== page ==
I just finished reading, with a rueful sigh, David Lamb’s book, Over the Hills: A Midlife Escape Across America by Bicycle (Times Books, 1996), which I found, somewhat on a whim, at the Tecumseh Public Library last week. Not unlike so many bike rides I take, I simply did not want the book to end.
When he took his solo trek and wrote the book, Lamb was working as a foreign correspondent for the Los Angeles Times. The chain-smoking 54-year-old with high cholesterol who, since childhood, had rarely done anything more on a bicycle than take a recreational ramble down his local bike path, decided to forego most of the training advice he found, and also to limit as much as possible the amount of new gear he had to buy.
He set out from his home in Alexandria, Virginia. Two months and 3,145 miles later, he arrived in Santa Monica, California. In between, he followed a route partly designed beforehand by an expert, partly crafted by decisions he made along the way, and partly shaped by suggestions from locals he met in small towns scattered about the path.
As a journalist and an eight-time Pulitzer Prize nominee, Lamb knows how to tell a story. This is something that’s really important to me, because there are innumerable books in this genre out there, written by perfectly good people that, unfortunately, can’t write worth a lick. And they’re just as tedious and painful to listen to as the sticky rub and drag of a dirty, poorly lubricated chain.
Lamb moves easily back and forth between the epic tale of his tour, the individual lives of people and small communities he passes through, the “real” world we all share (whether we’re on or off the bike), and the internal monologue that provides the soundtrack for days on end with nothing whatsoever to do but pedal. Throughout, he offers the reader fascinating bits of history pertaining to bicycles, highways, transportation, and our nation.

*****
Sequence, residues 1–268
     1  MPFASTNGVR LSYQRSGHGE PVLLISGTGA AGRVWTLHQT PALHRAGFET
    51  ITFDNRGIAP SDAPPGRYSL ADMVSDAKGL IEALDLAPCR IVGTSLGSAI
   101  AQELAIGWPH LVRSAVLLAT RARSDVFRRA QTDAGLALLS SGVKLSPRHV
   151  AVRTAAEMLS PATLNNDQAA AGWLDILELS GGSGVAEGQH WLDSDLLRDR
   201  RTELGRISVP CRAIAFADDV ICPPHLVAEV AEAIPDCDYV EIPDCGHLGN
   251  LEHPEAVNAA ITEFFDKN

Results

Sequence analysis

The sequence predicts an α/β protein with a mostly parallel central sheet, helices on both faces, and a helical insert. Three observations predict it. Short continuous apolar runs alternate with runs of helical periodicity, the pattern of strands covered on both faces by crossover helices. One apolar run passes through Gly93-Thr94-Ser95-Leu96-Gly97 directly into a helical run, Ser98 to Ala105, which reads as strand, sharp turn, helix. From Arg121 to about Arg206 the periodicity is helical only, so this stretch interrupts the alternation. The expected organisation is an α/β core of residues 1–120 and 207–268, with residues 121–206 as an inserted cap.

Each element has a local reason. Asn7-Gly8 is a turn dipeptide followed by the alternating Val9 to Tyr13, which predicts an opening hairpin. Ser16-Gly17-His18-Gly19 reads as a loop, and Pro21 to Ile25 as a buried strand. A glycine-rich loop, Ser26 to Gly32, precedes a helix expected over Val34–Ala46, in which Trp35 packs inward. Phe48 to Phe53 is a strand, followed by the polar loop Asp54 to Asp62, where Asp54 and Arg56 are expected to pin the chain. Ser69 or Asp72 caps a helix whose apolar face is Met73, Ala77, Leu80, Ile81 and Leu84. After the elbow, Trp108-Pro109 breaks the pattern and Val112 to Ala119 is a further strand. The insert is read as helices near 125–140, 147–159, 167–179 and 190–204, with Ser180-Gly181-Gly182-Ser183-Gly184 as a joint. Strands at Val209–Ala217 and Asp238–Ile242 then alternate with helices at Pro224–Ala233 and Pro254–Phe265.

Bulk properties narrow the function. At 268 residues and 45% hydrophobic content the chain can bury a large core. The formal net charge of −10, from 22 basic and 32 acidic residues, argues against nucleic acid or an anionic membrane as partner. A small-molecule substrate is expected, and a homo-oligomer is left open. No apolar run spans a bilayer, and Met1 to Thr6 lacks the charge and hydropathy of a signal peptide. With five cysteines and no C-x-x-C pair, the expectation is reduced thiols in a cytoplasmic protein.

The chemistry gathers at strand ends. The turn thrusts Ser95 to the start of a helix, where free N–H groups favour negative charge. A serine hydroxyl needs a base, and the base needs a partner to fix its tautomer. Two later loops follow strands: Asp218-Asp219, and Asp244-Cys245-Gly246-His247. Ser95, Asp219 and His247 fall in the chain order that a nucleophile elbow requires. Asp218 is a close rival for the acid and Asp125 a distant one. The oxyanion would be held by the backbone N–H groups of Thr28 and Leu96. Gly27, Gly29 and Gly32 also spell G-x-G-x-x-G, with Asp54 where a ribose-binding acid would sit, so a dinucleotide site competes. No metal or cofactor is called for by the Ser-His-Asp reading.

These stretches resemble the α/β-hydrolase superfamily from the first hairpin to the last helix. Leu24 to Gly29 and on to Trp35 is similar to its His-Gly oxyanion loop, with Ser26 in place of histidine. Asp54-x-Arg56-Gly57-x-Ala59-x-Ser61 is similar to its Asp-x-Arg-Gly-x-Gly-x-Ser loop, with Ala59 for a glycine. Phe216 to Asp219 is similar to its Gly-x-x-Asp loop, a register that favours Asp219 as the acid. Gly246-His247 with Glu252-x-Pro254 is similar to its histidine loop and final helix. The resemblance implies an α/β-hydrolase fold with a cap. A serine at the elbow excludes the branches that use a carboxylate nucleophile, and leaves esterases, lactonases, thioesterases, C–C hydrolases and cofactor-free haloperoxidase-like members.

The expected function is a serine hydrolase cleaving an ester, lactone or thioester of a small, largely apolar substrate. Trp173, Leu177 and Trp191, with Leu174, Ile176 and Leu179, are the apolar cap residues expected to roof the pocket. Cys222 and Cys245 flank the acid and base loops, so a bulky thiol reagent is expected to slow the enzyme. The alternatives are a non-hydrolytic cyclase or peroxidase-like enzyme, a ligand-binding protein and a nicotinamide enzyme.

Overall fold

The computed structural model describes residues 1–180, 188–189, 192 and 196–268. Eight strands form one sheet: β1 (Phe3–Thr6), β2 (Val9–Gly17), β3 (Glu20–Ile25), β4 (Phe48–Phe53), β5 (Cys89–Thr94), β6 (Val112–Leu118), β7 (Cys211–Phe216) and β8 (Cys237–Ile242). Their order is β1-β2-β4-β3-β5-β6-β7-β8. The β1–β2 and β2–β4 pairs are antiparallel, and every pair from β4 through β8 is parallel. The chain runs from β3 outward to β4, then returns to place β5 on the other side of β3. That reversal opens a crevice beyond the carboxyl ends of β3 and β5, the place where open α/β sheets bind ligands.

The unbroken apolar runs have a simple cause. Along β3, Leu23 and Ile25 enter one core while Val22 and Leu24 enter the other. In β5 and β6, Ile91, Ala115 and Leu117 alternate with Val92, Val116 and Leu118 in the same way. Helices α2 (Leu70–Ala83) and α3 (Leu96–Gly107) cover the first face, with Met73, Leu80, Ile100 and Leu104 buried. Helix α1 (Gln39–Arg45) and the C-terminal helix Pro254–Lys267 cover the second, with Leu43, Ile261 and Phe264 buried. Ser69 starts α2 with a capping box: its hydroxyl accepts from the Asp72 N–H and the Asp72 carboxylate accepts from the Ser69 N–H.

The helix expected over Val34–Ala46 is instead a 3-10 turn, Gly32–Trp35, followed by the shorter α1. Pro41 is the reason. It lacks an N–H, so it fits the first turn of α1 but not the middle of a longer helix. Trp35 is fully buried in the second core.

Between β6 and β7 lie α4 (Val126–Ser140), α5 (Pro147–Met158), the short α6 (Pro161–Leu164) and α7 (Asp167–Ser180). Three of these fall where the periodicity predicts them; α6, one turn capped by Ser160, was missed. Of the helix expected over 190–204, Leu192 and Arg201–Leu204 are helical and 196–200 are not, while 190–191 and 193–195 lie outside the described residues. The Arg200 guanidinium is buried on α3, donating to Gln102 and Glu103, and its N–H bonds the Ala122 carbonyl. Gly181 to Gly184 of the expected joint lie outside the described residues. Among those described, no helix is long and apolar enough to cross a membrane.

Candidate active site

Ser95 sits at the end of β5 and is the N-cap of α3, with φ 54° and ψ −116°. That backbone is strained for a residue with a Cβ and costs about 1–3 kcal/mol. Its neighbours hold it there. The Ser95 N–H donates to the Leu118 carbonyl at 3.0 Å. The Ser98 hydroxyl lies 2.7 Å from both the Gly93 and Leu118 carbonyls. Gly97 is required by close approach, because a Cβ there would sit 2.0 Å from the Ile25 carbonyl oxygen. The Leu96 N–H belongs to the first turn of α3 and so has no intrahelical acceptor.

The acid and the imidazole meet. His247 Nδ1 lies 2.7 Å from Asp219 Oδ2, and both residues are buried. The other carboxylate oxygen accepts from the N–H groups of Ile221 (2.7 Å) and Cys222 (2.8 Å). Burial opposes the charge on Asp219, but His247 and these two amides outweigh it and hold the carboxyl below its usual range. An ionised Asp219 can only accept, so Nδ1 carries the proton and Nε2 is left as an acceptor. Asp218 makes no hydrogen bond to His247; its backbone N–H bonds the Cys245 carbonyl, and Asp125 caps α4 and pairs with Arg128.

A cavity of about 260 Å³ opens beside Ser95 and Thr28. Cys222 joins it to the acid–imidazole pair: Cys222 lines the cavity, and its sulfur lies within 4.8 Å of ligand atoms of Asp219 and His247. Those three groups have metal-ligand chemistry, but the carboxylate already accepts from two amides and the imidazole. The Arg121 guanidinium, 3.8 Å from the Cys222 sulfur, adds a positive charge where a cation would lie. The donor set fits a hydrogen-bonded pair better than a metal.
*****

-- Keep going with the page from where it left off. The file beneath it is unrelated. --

The book is an easy read, thanks its nice sense of flow, which almost seems to match the ebb and flow of the trip itself. It’s funny, thought-provoking, honest, and realistic — though, never once abandoning that je ne sais quoi which makes the idea of a cross-country bike ride so alluring.
In sum, I highly recommend the book. And if you’re in the area, it will be back on the library shelves Monday.
Heaven only knows if I’ll ever have (or take) the opportunity to traverse the continent on a bicycle, or to explore far-away lands on two wheels. But, the idea is certainly enticing, and books like this do a marvelous job of ensuring my daydreams stay vivid and vibrant. Meanwhile, I’ve added more travel stories to my reading list, and I’m beginning to survey maps and bike-touring websites. In the coming months, I’m going to investigate the feasibility of a self-supported trek through Canada along the northern shore of Lake Erie next year.
I’ve been pleased to discover that a number of local riders have done a fair share of touring, and that others have given it serious contemplation. Have you toured or thought about doing so? Leave a comment telling us about it.